Johann Zarco is still looking for victory in MotoGP: what if he suffered from a French disease?

Johann Zarco is still looking for victory in MotoGP: what if he suffered from a French disease?

All series have an end. Let’s wish Johann Zarco that the one he started a little over a month ago, at the French Grand Prix, stretches one more weekend. At Le Mans, the Pramac driver was ranked fifth. He finished fourth at Mugello two weeks later. Then third, in Catalonia. And finally second in Germany.

No need, therefore, to specify where we are coming from. Zarco is still chasing after his first victory. It is both a statistical anomaly, since no other driver than him has more podiums (15) without ever having won. It is also a strangeness if we simply take into account his trajectory, his work and his talent.

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The Cannois sometimes went very close. At Le Mans, Valencia (2017), Argentina (2018) or even Catalonia (2021), the double world champion lost for a few hundredths. The vain attempts exist and are more and more numerous. So much so that this purpose can no longer really be just a coincidence.

We are formatted to appreciate each other according to a result

But then, is Zarco simply creating a “psychological blockage”? “It’s something that can existconfirms Thomas Sammut, mental trainer who has worked with many great athletes in recent years. This does not mean that the athlete is not mentally strong. Simply that it does not follow the right pattern to go to the end of the performance.”

Impossible, indeed, to question the resilience of the Frenchman, double Moto2 world champion and now world No. 3 in MotoGP after being pushed out in 2019. “In France, there is a major problememphasizes Thomas Sammut. We have an education and a culture that do not teach us to know ourselves or to flourish as individuals. We are formatted to appreciate ourselves according to a result. At school, we have a grade. And we appreciate or depreciate according to the result.”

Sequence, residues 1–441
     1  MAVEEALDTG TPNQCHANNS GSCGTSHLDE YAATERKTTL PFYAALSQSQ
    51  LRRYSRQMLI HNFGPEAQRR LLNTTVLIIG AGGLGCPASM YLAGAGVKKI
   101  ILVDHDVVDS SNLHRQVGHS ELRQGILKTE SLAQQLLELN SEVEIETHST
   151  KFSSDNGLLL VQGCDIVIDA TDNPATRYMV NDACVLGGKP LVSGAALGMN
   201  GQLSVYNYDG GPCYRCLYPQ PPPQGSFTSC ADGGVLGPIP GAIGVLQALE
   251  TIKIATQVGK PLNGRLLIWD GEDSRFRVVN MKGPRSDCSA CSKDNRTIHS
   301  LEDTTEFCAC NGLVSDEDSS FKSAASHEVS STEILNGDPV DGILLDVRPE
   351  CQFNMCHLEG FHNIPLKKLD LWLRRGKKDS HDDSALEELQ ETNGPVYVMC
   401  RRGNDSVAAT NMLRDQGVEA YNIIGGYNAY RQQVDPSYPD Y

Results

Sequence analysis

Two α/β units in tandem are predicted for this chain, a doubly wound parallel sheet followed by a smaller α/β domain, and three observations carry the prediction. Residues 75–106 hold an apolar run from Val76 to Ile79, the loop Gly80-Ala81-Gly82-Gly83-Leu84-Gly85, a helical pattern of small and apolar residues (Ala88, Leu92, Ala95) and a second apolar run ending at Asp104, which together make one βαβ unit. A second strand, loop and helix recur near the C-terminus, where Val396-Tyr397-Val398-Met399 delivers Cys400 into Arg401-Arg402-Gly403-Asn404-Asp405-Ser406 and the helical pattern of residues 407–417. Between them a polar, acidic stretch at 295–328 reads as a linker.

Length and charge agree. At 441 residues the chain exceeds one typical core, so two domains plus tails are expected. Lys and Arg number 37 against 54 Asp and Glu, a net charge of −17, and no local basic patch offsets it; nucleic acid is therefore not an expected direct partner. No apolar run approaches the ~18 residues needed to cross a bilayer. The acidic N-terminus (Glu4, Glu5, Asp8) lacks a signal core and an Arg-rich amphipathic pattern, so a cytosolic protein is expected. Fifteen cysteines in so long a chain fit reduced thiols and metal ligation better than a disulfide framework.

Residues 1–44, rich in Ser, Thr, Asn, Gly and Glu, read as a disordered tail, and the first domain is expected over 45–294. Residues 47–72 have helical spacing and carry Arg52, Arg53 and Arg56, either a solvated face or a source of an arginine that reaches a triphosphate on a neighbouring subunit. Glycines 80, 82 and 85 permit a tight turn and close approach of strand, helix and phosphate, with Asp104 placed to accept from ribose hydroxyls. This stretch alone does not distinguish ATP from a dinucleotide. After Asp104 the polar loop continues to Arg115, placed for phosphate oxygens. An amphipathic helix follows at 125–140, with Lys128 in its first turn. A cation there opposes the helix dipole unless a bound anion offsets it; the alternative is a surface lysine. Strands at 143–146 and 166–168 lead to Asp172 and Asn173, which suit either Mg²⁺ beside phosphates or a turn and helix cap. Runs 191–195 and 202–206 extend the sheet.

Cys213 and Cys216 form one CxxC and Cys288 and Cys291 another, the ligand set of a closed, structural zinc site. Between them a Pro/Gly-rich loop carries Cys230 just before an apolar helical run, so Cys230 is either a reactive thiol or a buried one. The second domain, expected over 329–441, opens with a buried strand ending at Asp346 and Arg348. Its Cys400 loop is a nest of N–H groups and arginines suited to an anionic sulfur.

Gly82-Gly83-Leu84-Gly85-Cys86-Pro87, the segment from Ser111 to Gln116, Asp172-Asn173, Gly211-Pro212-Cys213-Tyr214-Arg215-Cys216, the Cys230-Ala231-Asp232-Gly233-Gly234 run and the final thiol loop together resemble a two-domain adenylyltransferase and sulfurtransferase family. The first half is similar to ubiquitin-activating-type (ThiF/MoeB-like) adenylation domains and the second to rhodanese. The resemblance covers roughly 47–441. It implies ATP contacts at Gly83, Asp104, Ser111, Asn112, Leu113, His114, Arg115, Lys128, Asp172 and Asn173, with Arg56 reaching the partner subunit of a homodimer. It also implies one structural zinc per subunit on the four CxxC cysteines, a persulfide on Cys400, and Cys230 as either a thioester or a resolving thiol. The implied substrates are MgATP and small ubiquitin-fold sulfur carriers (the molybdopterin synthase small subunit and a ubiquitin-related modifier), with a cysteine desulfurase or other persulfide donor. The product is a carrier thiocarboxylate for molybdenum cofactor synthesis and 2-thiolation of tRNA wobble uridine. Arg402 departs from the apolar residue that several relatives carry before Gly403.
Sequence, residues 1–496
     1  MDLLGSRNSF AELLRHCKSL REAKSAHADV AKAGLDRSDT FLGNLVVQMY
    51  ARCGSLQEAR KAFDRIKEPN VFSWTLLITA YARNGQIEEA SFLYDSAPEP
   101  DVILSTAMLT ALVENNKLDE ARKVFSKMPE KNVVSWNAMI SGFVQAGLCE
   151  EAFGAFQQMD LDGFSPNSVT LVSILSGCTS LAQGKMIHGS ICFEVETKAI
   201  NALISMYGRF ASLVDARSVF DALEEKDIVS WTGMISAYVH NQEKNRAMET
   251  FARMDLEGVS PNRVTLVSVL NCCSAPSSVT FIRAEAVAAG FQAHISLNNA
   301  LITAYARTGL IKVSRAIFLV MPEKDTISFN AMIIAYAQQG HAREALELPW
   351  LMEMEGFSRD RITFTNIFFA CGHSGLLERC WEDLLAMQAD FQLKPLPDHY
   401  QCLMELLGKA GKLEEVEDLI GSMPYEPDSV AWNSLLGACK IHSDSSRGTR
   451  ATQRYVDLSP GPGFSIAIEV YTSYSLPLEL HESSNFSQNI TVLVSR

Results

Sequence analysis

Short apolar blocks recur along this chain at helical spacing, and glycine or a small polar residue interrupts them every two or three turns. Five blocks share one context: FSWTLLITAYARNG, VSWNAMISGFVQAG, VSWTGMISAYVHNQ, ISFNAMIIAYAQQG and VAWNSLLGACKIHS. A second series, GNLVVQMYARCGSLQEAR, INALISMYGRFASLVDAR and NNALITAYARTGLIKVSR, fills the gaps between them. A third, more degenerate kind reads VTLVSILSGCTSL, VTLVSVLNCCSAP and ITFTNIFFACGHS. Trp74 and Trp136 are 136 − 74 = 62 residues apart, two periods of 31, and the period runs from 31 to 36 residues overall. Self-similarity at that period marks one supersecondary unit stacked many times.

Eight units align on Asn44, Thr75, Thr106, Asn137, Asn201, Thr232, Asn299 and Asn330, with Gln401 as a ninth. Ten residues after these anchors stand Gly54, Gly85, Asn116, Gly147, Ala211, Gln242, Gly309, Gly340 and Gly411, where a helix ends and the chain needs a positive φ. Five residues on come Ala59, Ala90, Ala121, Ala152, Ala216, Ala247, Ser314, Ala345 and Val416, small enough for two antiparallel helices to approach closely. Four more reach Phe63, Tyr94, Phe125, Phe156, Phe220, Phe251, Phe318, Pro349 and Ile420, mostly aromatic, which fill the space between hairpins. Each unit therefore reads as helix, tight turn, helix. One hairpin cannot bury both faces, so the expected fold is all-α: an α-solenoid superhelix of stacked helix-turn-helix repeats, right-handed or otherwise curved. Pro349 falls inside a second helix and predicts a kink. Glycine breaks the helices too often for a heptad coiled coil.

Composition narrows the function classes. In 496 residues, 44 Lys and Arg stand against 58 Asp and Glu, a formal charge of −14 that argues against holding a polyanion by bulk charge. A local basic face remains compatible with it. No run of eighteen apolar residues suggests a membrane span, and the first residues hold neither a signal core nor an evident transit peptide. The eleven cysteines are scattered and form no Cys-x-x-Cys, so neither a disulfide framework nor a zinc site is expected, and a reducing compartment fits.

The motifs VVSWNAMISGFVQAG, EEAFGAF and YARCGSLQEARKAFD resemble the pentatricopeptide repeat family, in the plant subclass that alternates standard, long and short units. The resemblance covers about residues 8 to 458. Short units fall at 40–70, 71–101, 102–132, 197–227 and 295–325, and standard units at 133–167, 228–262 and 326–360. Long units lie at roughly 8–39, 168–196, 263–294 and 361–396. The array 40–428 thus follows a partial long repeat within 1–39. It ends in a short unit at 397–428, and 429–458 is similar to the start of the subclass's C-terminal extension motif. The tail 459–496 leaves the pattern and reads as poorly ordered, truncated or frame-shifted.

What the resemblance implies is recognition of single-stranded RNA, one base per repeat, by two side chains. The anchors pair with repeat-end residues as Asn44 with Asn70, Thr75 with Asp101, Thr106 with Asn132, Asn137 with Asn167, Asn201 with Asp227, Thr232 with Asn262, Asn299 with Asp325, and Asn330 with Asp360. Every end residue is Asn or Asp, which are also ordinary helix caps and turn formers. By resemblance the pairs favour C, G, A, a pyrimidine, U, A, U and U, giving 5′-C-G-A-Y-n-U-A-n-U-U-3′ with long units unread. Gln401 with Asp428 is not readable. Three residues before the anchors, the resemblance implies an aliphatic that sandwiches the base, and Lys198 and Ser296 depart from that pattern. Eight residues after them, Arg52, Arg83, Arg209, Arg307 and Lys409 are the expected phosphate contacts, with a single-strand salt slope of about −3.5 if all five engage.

Johann Zarco, Jack Miller and Fabio Quartararo on the podium of the German Grand Prix, June 19, 2022

Credit: Imago

If Zarco still hasn’t taken his first victory, it may simply be because he is… Zarco. Namely, a pilot apart, with an atypical career. He was not predestined to become one of the best pilots in the world and was never enrolled by the champion factories that are the Spanish or Italian schools, even if he sometimes crossed the transalpine border, during his adolescence. , to rub shoulders with the best.

This observation is valid in all disciplines.adds the mental trainer. For 95% of high-level French athletes, the brakes preventing them from freeing themselves completely are linked to our culture. We tend to underestimate ourselves because we grow up through an idea that could be schematized as ‘I’m not doing good enough’. We come to tell ourselves that whatever we do, it will never be enough compared to others. You have to know how to make a self-criticism without falling into negative excesses. That’s really a kind of heritage. And it’s limiting.”

Quartararo escaped it

It is not Zarco himself who will say the opposite. Very rational and precise in his technical approach, the French driver also fights against himself mentally. “I quickly tend to self-flagellate and say to myself: ‘What you are doing is not good, it is bad, it is bad’“, he confided in a documentary Canal+.

Quartararo, for example, never had this problem, while the question of a psychological block also arose in 2019, after several races where he had stumbled on Marc Marquez. He is of Italian origin, competed in his first races in Tuscany before moving to Spain at the age of 13. “I am French, but I speak better Spanish… and I think in Italian“, he said a few years ago. And that changes everything.

I can give you another fairly explicit exampleadds Thomas Sammut. I worked with Patrick Vieira in Nice and I asked him a very simple question. If France won the Football World Cup in 1998, was it because the vast majority of players no longer played in France? He answered me cash: ‘Of course’.

To break the glass ceiling, there is a solution: “On the one hand there is the man formatted by a whole environment in which he has always evolvedanalyzes the specialist. And on another, the pilot who would like to act in a certain way. It is necessary to succeed in identifying its method of use in relation to performance. Once it’s done, you can break out of the mold and realize that you are unique. And that there is only one very personal method that suits everyone. The idea is to find this method and duplicate it ad infinitum.” A different kind of series.

Johann Zarco (Ducati Pramac) at the German Grand Prix

Credit: Getty Images

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